Quinlan sings that last line – “I can’t believe someday I’m gonna die” – in a whisper, matter-of-factly acknowledging our collective mortality not with fear but rather a resigned uncertainty. In the distance, a slide guitar moans. Is there a greater significance to this aimless trip we’re all on? My exit could be a long ways off, or it could be this week, and it leads me to pretty much the same place in either case. All those questions that keep you up at night, you know?

Hop Along’s excellent sophomore album Painted Shut is out today on Saddle Creek Records, and the band celebrates this Saturday night with a headlining show at Union Transfer. As the week unfolds, you’ll doubtless read a lot out there in the musical-journalistic space about what a bold record it is, how it’s unflinching and energetic, how it unpacks heavy ideas with equally heavy volume and energy. All of those points are absolutely accurate, and we’ll be weighing in on them all week long as we explore the album in Unlocked, The Key’s recurring spotlight on new and significant releases from Philadelphia-area artists.

But for me, again, the most powerful moment on Painted Shut might just be its quietest. Continue reading →

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Stream Hop Along’s highly-anticipated new record Painted Shut

Hop Along | Photo by Shervin Lainez
Hop Along | Photo by Shervin Lainez

The wait is over. Hop Along‘s eagerly anticipated Painted Shut just went up for streaming today via Spin Magazine, and wow. Filled with the offbeat rock and roll goodness that makes up their unique sound, the band hits hard on hits like “Waitress” and “Sister Cities.” But the record also explores new waters and a solid mix of moods, all punctuated by frontwoman Frances Quinlan’s passionate delivery. Continue reading →

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All or Nothing: Listen to Hop Along’s explosive “Texas Funeral” from Painted Shut

Hop Along | Photo by Shervin Lainez
Hop Along | Photo by Shervin Lainez

The one thing that has drawn me to listen to Hop Along for hours, frequently on repeat, is Frances Quinlan’s open and honest lyricism. There’s nothing hidden under fluffy words; it’s just the raw, gritty vocals that channel the everyday internal battles.

Hop Along has been pouring out new tracks off their upcoming album Painted Shut these past few weeks – listen to “Powerful Man” here and “Waitress” here – and their latest, “Texas Funeral,” premiered today through Stereogum. The rhythm section throughout the song is complex, locked in and thrashing out, putting the band’s talent in combining words and sound in the forefront. Continue reading →

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Take a nice big bite: The Mountain Goats, Hop Along & Young Guv on the Indie Rock Hit Parade

The Mountain Goats | Photo by Lissa Gottwals
The Mountain Goats | Photo by Lissa Gottwals

If you’re looking for action, look no further than tonight’s Indie Rock Hit Parade on XPN. Starting at 11pm, it’s a non-stop, two-hour showcase of some seriously great new releases (with a couple of old favorites thrown in for good measure). The centerpiece of tonight’s show is our Weekly Album Spotlight, where we’ll be hearing a few tracks from Beat The Champ, the new release from The Mountain Goats. Sure, this is their 15th full-length, but John Darnielle and company have become reinvigorated over the past few years, amping up production value and honing the wry and personal lyrics that have become the band’s trademark. Even if you’re not a fan of professional wrestling, you won’t be able to resist the self-examination and reflection (and hooks) to be found on Beat The Champ. Aside from that, we’ve got a stacked lineup of new tunes to get to, including a few of these.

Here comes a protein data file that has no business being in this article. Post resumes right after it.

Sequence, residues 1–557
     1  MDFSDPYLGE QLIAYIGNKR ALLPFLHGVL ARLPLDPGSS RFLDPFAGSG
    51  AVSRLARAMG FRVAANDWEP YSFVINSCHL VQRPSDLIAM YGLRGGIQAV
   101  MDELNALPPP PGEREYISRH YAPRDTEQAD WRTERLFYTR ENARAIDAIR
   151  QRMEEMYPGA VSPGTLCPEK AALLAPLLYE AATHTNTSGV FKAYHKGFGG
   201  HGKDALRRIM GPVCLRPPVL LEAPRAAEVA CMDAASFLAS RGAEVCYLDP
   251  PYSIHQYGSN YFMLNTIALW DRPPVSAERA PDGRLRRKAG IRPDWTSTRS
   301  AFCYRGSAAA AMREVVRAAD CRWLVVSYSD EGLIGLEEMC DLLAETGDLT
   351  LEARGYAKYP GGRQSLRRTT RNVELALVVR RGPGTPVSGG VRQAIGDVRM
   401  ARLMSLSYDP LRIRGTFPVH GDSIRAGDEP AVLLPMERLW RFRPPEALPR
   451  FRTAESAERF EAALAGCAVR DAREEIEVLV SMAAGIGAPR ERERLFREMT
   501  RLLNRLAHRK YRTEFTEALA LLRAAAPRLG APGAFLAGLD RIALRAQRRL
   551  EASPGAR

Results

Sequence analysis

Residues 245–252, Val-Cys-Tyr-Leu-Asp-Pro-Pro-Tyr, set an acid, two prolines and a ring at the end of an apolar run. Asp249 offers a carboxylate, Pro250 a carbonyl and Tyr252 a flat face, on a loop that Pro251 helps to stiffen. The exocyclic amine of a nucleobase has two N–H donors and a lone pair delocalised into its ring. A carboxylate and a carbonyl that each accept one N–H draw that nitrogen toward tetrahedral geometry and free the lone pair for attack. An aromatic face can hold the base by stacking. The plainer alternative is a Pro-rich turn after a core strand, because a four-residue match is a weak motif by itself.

Continue reading →

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Love on the Streets Fest is coming to Paine’s Park in May

Radiator Hospital | via Facebook
Radiator Hospital | via Facebook

Two passions of this city (music and skateboarding) are colliding for a day at the Love on the Streets Festival at Paine’s Park come Saturday, May 9.

The LOTS Fest boasts an awesome local lineup, with Radiator Hospital, Dogs on Acid, Moon Bounce, W.C. Lindsay, Jack DeezlClique and Mr. Sampson all taking the stage, not to mention performances by the the Philadelphia School of Circus Arts as well as skaters from Powerfulnailya and the Philadelphia Skateboard Academy. Continue reading →

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Hop Along makes a powerful statement with “Powerful Man”

Hop Along in the studio | photo by Jonathan Minto
Hop Along in the studio | photo by Jonathan Minto

Last week Hop Along premiered “Waitress,” the first single from their upcoming album Painted Shut, and it was an immediate favorite within the Philly scene and beyond. With open arms and honest lyricism comes the second single from Painted Shut, that delves into some darker subject matter.

In “Powerful Man,” singer / guitarist Frances Quinlan relates the personal struggle of witnessing a child being abused by his father and freezing up in the moment to take a stand. ”He said ‘she’s not gonna help you,’” Quinlan sings on the refrain. Continue reading →

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Unsung Folkadelphia #1: Jason Molina and Songs: Ohia’s Didn’t It Rain

Jason Molina, courtesy of Secretly Canadian.
Jason Molina, courtesy of Secretly Canadian.
From the 'Didn't It Rain' session, Jennie Bedford's lyric work sheet to "Steve Albini's Blues"
From the ‘Didn’t It Rain’ session, Jennie Bedford’s lyric work sheet to “Steve Albini’s Blues”

Welcome to the first chapter of Folkadelphia’s new project that we’ve gotten in the habit of calling Unsung.

In the history of music, there are many unsung artists and albums that we firmly clutch close to our hearts. These artists create the kind of music that we wish other people knew more about or cared more deeply for. We wish that we could share with others our exact feelings about how we’ve been touched and affected by some musicians. We want to show them the light. We want to sing these musicians’ unsung song for everyone to hear.

With this series, we hope we can provide a way for people to connect with music that has been influential beyond its commercial impact and, perhaps, appeal. It’s never too late to find a new favorite band and honor their legacy and discography.

For this first part, we focused on what has become one of my favorite albums: Songs: Ohia’s Didn’t It Rain, which was recorded in Philadelphia in 2002. Continue reading →